A young Iranian woman is walking past electoral posters in downtown Tehran, February 2024.

Iran Warns Of Crackdowns On Online Dissent On Eve Of Elections

Tuesday, 02/27/2024

Iran's Cyber-Police (FATA) Chief has issued a warning regarding online political activities ahead of the upcoming elections amid speculation of the lowest turnout since the establishment of the Islamic Republic in 1979.

Clearly aware of the mass discontent with turnout expected to be as low as 15 percent, Vahid Majid said, "Violations in the virtual sphere are being addressed to preserve the celebratory ambience of the elections from being marred by inaccurate content."

Iran continues to suppress dissent on social media. In the wake of a recent terror attack, more than 70 people were arrested for comments on social media about the incident. 

Political dissent has been massively quashed in the wake of the 2022 uprising, with hundreds of Iranians rounded up for social media activity, reaching to the top levels of society with celebrities, satirists and sports stars punished with social media bans, travel bans, bank freezes and even death sentences for social media activism.

Majid's warnings come amid allegations of corruption of the electoral process, with many provinces only having one option on the ballot.

With the regime fearing the international perception of a mass election boycott on March 1, not least amidst a proxy war in the region fueled by Tehran and ongoing criticism of the country's nuclear program, Mehdi Kouchakzadeh, a candidate in the parliamentary elections, said, "If the level of participation drops slightly, the enemies might conclude that nobody supports the government".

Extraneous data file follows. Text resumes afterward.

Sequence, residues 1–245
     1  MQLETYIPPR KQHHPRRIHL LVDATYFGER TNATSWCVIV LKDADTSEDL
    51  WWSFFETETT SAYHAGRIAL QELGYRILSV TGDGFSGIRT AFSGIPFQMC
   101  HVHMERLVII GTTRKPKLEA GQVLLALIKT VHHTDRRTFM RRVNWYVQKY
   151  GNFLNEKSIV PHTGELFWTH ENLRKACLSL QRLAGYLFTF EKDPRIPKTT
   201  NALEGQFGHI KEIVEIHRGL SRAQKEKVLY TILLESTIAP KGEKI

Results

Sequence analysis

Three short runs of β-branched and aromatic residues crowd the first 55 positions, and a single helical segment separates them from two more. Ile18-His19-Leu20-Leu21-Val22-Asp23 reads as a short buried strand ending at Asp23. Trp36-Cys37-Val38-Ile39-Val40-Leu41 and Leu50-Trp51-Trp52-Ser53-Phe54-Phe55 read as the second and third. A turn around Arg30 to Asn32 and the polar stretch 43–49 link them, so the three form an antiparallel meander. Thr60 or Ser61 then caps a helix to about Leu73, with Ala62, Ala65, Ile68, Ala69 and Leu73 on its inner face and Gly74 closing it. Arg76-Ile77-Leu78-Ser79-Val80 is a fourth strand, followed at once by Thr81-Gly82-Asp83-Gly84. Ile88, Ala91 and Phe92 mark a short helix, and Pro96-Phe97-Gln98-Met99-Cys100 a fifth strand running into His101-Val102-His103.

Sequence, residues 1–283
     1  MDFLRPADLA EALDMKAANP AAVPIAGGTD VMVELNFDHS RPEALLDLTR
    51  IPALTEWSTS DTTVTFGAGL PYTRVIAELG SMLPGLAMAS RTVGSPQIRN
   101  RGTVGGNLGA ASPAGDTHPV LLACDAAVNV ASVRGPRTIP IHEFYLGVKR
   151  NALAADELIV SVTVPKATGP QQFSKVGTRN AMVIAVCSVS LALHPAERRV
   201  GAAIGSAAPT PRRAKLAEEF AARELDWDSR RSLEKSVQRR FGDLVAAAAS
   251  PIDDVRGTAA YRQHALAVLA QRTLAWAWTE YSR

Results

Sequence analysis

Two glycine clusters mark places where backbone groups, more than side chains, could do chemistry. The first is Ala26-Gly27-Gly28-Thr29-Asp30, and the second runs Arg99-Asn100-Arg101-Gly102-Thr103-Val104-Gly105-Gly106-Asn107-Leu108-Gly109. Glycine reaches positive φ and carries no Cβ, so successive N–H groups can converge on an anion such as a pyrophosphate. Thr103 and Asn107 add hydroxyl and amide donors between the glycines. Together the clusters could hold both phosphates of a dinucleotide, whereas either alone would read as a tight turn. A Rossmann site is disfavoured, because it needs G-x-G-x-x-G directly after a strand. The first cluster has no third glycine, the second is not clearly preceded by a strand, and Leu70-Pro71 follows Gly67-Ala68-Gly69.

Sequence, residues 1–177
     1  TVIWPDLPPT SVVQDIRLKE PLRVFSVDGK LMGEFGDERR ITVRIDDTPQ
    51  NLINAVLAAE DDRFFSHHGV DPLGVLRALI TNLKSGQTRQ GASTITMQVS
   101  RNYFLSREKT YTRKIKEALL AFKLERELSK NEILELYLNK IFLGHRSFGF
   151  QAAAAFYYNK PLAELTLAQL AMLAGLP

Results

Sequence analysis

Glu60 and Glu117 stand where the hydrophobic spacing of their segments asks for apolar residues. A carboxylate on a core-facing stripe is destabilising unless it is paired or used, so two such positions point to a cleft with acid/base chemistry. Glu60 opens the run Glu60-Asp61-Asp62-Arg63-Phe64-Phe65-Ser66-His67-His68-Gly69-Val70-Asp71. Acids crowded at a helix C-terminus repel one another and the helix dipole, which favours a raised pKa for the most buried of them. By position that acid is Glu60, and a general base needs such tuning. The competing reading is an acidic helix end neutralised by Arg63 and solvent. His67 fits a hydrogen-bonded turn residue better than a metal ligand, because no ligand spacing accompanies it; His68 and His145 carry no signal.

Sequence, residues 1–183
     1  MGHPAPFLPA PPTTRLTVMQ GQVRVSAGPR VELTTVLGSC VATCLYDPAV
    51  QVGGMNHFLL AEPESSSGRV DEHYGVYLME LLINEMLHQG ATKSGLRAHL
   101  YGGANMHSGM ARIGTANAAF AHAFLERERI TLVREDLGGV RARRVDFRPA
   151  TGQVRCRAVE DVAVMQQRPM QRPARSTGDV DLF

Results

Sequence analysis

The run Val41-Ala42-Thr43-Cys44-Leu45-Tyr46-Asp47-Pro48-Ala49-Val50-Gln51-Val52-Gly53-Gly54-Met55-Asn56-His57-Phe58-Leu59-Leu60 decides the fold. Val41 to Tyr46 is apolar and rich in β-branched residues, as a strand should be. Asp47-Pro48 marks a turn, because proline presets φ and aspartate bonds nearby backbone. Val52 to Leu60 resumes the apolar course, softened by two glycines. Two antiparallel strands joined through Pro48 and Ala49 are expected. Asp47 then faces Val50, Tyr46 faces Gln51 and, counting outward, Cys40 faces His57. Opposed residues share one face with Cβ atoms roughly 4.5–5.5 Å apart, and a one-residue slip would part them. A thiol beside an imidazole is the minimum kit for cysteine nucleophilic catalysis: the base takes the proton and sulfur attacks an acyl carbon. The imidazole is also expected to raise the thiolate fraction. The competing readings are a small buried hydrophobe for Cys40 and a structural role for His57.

His statement comes as over 275 political, social, and cultural activists have collectively announced their decision to boycott the forthcoming elections. Citing concerns over electoral manipulation and the erosion of public governance rights, the activists advocate for electoral reforms to ensure genuine participation and representation.

The announcement of the boycott reflects a broader trend of disillusionment and discontent within Iranian society. Recent years have witnessed a decline in voter turnout attributed to economic challenges, political suppression, and dissatisfaction with the electoral process. Economic hardships, soaring inflation rates, and social unrest stemming from past protests have further exacerbated public frustration.

The severe repression of the protests in 2022, increased surveillance, fueled by the enforcement of hijab laws and internet censorship by authoritarian figures, has also worsened public dissatisfaction.

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